Remember the Doublemint Gum commercials of the 1980s? How scary is it to think there are brave men and women old enough to be police officers that were not alive when those commercials originally aired? The basic premise of the ads was this…two is better than one. In the decadent culture of America, quantity will beat out quality nine times out of ten. However, when it comes to tickets in truck enforcement world, sometimes it is just plain old wrong to be writing two tickets.
Consider this scenario: You are a police officer and notice a car speeding. The radar locks the vehicle in at 65 in a 45 mph zone. After you pull out into traffic and chase down the violator, the speed limit where you catch up is now 40 mph, but the car is still doing 65 mph.
Show of hands – who thinks it would be entirely appropriate to write the driver two speeding tickets? The first being for 20mph in excess of the speed limit, the second for being 25 mph in excess of the speed limit. That’s right…no one.
Let’s take a moment to talk about things that are unique to truck law. First, there is no other faction of traffic or criminal law with as many rules and regulations. And then there is an exception for every rule. And there is another exception, qualification, or restriction for the previous exception. It’s mind-boggling.
Second, truck enforcement also has a unique characteristic in that police officers may stop trucks they have reason to believe are overweight. This burden of proof is way further south than probable clause and just a tad north of a mere hunch. You can read more about that HERE.
Third, tickets for overweights are unique in that the fine may be collected as cash bail. All other offenses have a static bail assigned.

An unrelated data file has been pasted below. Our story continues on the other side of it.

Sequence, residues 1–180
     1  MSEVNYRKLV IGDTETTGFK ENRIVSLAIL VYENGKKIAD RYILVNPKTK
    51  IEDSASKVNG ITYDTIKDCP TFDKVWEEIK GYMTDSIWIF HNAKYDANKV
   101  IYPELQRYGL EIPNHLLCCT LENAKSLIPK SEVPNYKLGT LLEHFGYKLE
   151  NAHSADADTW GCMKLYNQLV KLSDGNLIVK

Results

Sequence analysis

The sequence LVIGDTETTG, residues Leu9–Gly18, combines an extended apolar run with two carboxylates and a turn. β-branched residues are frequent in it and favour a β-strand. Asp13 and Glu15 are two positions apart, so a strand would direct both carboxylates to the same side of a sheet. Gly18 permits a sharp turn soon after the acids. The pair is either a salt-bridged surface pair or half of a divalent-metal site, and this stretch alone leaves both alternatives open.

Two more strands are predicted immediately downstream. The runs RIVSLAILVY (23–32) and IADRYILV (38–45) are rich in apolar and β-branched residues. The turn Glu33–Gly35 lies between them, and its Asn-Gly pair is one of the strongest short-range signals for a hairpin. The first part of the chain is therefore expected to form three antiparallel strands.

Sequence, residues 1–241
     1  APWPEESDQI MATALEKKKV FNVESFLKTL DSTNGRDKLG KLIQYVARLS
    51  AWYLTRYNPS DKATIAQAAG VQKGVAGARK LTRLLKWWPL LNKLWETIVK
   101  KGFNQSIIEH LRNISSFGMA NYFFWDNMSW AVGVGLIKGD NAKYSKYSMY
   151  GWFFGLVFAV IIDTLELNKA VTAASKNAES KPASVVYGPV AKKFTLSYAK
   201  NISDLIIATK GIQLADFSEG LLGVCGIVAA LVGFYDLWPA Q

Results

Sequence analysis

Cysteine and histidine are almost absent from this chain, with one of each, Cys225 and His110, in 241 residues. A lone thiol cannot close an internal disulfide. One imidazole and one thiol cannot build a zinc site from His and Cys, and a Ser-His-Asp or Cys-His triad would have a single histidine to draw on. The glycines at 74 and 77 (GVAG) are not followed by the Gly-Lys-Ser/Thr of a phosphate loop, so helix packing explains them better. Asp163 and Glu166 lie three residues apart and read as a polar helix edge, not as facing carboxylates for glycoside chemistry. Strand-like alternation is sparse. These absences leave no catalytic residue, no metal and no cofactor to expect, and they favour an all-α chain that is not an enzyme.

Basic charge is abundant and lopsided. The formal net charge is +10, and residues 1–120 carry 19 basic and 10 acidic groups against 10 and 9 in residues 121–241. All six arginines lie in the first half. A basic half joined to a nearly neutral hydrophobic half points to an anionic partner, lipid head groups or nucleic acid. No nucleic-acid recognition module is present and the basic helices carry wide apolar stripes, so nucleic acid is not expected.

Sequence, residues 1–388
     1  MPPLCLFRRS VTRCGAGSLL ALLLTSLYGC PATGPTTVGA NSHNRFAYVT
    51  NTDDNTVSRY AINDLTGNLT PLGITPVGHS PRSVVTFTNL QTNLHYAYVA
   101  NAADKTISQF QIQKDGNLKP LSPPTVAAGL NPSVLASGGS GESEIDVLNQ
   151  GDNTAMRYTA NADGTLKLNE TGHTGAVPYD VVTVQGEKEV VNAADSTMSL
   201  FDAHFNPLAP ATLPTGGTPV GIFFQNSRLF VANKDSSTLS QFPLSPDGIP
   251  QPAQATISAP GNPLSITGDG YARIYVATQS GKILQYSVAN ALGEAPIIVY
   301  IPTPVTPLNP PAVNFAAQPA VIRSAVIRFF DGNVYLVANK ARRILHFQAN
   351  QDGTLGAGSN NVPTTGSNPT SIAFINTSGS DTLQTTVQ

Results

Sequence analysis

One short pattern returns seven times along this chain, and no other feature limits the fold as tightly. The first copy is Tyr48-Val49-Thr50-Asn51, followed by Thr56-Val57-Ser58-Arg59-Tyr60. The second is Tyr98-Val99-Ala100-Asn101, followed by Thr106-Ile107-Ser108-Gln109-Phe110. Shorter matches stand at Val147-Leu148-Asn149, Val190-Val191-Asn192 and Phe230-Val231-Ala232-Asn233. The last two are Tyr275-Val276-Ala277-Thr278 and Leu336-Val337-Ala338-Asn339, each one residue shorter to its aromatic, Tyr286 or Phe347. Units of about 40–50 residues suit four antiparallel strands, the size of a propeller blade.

Other than these few truck-specific oddities, all other traditional aspects of police procedure apply. The simple fact there are some unique things about truck enforcement does not throw the entire Constitution baby out with the bathwater.
One such doctrine of police procedure is called “one act, one crime”. Case law has been established stating police officers cannot charge a sole defendant with two violations of the same crime arising from the same act. It’s like charging a defendant with battery for each punch he threw during a fight instead of just charging for one count of battery. Or it’s like charging him with one count of regular battery for the beating and another count of aggravated battery because the victim was elderly.
Conversely, if a defendant goes out and beats up one person, then subsequently beats up a second person, two counts of battery may be filed.
For police officer members of the Illinois Truck Enforcement Association, there is a Standard of Practice addressing this issue, SOP-07. Here are two situations where it is not uncommon to find truck officers violating the “one act, one crime” doctrine.
625 ILCS 5/15-111 | OVERWEIGHT There are several subsections on 15-111 in which a vehicle can be overweight. A truck may be over on its gross weight, its axle weight, its federal bridge formula weight, elevated structure weight, or overweight on a permit. The vehicle may be overweight on any and all combinations of each of these resulting from a single traffic stop. The police officer may only choose one violation from 15-111 to charge with though.
625 ILCS 5/15-301(j) | VIOLATION OF PERMIT When an oversize or overweight vehicle is operating on a valid permit on its assigned permit route, some things can still go wrong which do not void out the permit. For instance, the truck does not have the correct registration plate number, is operating on the wrong number of axles or operating during curfew. Even though multiple things may be wrong, only one violation citation may be issued.
Does this mean police officers cannot cite multiple violations arising from the same incident? Not at all. If a drunk driver is speeding in a overweight truck while talking on the cell phone and not wearing a seat belt, five separate acts have occurred. Each has its own evidence and its own burden of proof.
It’s not good police work to charge multiple violations of the same offense arising from the same occurrence. Police officers do not this to those driving cars, so they should not do it to truck drivers just because truck law is “unique”.
Double fresh? No. Double smooth? Hardly.
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